“Yes. But I have a career to keep me busy, and my own homeâI meanâare you thinking of buying your own home here?”
Buy a home? Darling, why on earth would I do that?”
“Oh, so you plan to rent a condo. I see. Well, I suppose that does have its advantages. Upkeep on a house and yard are time-consuming. There is no denying that.”
Her perfectly applied lips parted in a brief smile. “Now I see why my Robby finds you so amusing. Darling, I plan to live with the boys, of course.”
“Don't sound so shocked, dear. Rob is my son, after all. And this Bob fellowâwell, I'll just have to make do with him, won't I?”
As fate would have it, the object of her disdain passed the window that looked out into Blossom's charming courtyard. Mrs. Goldburg's back was to the glass, and she couldn't see Bob grimace and shrug.
I risked a wink, which thankfully appeared to go unnoticed. Little did the woman know that I had just declared war on her. What fun it would be to join forces with my buddy from Toledo to drive
her crazyâor, at the least, out of the Rob-Bobs' nest. Yes sir, saving Bob's sanity was going to be my next big project.
“Well then, Abby, I guess we're in agreement.”
“You'll never know just how much,” I said. “Welcome to Charleston.”
The gods and goddesses of Charleston smiled down on C.J.'s wedding; the day was sunny and clear and remarkably cool for late spring. It was Toy's day too, of course, but by the way she carried on, you would have thought it was Mama's.
“Are you sure it looks all right this time, dear?” she said, fussing with her corsage for the millionth time.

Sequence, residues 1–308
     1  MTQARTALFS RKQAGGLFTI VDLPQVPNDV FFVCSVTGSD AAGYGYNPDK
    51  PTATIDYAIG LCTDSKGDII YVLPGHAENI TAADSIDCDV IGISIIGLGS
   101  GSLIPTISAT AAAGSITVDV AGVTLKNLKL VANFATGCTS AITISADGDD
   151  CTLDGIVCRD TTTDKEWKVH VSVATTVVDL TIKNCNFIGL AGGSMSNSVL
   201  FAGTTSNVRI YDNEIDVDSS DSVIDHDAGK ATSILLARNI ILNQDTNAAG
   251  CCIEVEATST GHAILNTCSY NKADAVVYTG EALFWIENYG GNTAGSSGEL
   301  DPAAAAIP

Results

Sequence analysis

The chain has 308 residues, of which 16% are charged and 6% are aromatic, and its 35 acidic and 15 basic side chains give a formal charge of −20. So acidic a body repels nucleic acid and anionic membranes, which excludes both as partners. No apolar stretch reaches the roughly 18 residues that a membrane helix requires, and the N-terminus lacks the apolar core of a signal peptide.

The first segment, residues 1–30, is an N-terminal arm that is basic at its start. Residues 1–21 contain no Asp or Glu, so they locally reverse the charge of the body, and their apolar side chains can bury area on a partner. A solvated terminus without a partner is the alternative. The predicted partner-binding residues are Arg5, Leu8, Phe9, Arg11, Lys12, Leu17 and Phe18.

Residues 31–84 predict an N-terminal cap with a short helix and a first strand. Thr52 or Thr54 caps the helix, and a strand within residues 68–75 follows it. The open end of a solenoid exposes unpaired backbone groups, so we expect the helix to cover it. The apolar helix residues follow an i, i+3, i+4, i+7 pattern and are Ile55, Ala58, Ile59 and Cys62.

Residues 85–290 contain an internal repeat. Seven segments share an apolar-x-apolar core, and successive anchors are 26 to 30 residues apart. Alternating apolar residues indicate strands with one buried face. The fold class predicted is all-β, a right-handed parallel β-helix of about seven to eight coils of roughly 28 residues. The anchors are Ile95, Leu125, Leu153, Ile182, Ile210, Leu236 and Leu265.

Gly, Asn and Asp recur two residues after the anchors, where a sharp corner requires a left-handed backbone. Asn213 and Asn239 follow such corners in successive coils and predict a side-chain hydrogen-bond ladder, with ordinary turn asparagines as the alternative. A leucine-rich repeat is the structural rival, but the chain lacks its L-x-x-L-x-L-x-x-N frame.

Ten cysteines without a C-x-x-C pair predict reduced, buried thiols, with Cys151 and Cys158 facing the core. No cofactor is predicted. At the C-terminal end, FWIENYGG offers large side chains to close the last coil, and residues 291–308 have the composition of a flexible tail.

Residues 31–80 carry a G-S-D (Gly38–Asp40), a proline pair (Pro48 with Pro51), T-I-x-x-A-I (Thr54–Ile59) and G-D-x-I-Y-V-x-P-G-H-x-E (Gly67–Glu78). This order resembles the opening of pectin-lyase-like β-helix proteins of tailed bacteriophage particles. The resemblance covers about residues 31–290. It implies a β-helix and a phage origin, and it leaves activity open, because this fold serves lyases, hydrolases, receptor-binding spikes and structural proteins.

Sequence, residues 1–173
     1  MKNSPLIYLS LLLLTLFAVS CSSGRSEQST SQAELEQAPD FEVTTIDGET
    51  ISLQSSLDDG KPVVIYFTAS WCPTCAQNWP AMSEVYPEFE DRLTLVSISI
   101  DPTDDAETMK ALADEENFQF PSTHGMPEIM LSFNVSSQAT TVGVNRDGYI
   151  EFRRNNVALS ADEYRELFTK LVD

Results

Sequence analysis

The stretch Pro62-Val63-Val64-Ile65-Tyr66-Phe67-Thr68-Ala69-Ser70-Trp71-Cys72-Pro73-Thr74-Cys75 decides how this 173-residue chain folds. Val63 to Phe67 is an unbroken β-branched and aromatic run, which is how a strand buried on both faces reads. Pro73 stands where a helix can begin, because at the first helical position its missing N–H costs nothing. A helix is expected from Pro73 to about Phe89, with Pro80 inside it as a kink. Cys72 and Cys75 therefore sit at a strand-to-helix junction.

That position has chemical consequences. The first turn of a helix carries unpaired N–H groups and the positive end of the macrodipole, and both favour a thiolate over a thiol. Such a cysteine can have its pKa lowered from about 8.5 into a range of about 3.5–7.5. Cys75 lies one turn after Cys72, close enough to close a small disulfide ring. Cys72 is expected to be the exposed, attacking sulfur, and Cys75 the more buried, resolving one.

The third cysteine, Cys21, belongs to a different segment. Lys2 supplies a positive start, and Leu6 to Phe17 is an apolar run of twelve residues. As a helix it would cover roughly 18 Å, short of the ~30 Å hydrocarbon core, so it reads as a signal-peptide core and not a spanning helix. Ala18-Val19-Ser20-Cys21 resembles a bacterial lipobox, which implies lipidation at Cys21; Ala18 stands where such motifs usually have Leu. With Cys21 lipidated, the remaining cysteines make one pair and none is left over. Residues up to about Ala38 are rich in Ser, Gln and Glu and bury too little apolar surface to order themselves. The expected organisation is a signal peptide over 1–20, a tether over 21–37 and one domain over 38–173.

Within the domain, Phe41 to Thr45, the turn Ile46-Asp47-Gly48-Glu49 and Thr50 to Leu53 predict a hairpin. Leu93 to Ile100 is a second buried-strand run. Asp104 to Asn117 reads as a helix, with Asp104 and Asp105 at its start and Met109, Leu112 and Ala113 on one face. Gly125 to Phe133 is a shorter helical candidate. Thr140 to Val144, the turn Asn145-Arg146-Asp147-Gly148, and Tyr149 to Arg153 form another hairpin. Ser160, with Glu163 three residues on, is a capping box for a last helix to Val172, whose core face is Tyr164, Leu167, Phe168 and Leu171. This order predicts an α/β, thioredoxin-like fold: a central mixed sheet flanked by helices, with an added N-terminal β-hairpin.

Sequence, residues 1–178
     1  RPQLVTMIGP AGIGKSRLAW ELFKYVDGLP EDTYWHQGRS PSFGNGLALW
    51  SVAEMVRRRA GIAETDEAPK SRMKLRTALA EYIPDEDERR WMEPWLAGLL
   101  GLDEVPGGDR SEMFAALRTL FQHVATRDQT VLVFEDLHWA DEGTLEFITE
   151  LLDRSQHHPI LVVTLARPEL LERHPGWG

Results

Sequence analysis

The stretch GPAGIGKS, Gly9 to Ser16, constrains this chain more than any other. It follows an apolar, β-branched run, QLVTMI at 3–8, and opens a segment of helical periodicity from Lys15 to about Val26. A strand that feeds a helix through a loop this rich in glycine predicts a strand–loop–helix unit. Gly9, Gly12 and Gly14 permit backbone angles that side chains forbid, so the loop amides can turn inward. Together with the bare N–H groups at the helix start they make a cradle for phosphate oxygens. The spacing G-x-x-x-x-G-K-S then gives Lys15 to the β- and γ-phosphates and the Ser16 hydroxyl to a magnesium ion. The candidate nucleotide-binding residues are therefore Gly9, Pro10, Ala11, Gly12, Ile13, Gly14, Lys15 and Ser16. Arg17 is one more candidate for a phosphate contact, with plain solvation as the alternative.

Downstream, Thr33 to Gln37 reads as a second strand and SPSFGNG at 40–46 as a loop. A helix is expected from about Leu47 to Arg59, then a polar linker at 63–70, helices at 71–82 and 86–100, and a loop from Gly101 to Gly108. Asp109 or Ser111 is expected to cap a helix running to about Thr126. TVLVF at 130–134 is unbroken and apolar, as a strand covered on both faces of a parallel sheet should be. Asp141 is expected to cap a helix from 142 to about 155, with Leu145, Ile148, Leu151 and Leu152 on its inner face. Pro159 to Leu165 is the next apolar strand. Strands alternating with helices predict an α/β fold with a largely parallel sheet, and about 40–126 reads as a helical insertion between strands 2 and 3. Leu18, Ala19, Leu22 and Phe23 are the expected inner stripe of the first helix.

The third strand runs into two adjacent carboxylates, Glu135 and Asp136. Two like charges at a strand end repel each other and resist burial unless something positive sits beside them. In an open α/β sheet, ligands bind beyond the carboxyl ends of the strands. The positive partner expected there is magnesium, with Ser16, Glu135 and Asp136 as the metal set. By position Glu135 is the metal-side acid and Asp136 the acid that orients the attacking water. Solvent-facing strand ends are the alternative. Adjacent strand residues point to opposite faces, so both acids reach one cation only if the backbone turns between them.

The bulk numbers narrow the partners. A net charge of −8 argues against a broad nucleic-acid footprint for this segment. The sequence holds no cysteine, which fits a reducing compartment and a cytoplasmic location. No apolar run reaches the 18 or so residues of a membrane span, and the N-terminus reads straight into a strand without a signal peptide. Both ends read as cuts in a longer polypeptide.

“Mama, if you don't stop, you won't have any flowers left, only ribbon. Everyone's going to think you stuck a Christmas bow on your dress.”
“But Abby, these aren't flowers, they're dandelions. Who on earth chooses dandelions for their wedding?”
“Our beloved C.J., that's who. She claims it's an ancient Ledbetter custom, dating all the way back to Richard the Dandelion-heartedâdon't askâand that breaking this custom would bring bad luck to the entire clan. But you have to admit, it was a cute idea to have the flower girl blow apart
the puffy seed balls as she walks down the aisle, instead of dropping rose petals.”
We were standing just outside the bridal room of Grace Episcopal Church, that beautiful Gothic-style church to which Mama belongs, and where she prays that someday I will be a member as well. I'd taken a peek into its awesome sanctuary, and had been stunned to see that not only was it full, but ushers were setting up chairs in the vestibule. It seemed like all of Shelby was there, and half of Charleston. I was pleased to see that my two much-loved children, Susan and Charlie, had already taken their seats and appeared to be anticipating the moment when C.J. would officially become their aunt.
“Mama, you need to go downstairs so the usher can walk you to your seat. It's time for the show to begin.”
Mama nodded. Thank heavens her eyes were dry now. She'd cried so many tears since getting up that morning that I'd made her drink Gatorade to replace her electrolytes.
“Tell C.J. I love her,” she said. “And remember to stay away from that goat, or she'll eat your bouquet.”
“She's not a goat, Mama. Besides, I happen to think Zelda Ledbetter is very pretty.”
“Well, I do like the ribbon in her beard.” Mama gave me a kiss. “Pass that on to C.J., dear. And tell her to crack a rib.”
TAMAR MYERS is the author of twelve previous Den of Antiquity mysteries:
Larceny and Old Lace
Gilt by Association; The Ming and I
So Faux, So Good
Baroque and Desperate
Estate of Mind
A Penny Urned
Nightmare in Shining Armor
Splendor in the Glass
Tiles and Tribulations
Statue of Limitations
. She is the author of the Magdalena Yoder series, is an avid antiques collector, and lives in the Carolinas.
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PLENDOR IN THE
This is a work of fiction. Names, characters, places, and incidents are products of the author's imagination or are used fictitiously and are not to be construed as real. Any resemblance to actual events, locales, organizations, or persons, living or dead, is entirely coincidental.
THE CANE MUTINY